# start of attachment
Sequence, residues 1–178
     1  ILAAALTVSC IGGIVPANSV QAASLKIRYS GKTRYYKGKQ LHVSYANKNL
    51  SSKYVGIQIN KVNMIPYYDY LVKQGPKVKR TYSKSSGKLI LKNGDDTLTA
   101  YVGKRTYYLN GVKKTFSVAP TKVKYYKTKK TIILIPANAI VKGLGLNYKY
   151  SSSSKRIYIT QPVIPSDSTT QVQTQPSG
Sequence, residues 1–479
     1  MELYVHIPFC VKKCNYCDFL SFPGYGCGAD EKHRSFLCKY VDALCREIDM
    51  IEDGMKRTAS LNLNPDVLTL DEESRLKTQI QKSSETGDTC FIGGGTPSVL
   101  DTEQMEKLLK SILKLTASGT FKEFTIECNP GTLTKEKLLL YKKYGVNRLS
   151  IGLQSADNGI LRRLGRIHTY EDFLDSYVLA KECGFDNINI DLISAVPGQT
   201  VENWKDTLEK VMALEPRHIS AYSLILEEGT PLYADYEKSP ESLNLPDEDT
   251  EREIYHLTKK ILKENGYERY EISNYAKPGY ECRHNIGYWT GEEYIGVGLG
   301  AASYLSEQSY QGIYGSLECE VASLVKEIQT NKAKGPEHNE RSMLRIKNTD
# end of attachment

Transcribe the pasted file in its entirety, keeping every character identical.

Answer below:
Sequence, residues 1–178
     1  ILAAALTVSC IGGIVPANSV QAASLKIRYS GKTRYYKGKQ LHVSYANKNL
    51  SSKYVGIQIN KVNMIPYYDY LVKQGPKVKR TYSKSSGKLI LKNGDDTLTA
   101  YVGKRTYYLN GVKKTFSVAP TKVKYYKTKK TIILIPANAI VKGLGLNYKY
   151  SSSSKRIYIT QPVIPSDSTT QVQTQPSG
Sequence, residues 1–479
     1  MELYVHIPFC VKKCNYCDFL SFPGYGCGAD EKHRSFLCKY VDALCREIDM
    51  IEDGMKRTAS LNLNPDVLTL DEESRLKTQI QKSSETGDTC FIGGGTPSVL
   101  DTEQMEKLLK SILKLTASGT FKEFTIECNP GTLTKEKLLL YKKYGVNRLS
   151  IGLQSADNGI LRRLGRIHTY EDFLDSYVLA KECGFDNINI DLISAVPGQT
   201  VENWKDTLEK VMALEPRHIS AYSLILEEGT PLYADYEKSP ESLNLPDEDT
   251  EREIYHLTKK ILKENGYERY EISNYAKPGY ECRHNIGYWT GEEYIGVGLG
   301  AASYLSEQSY QGIYGSLECE VASLVKEIQT NKAKGPEHNE RSMLRIKNTD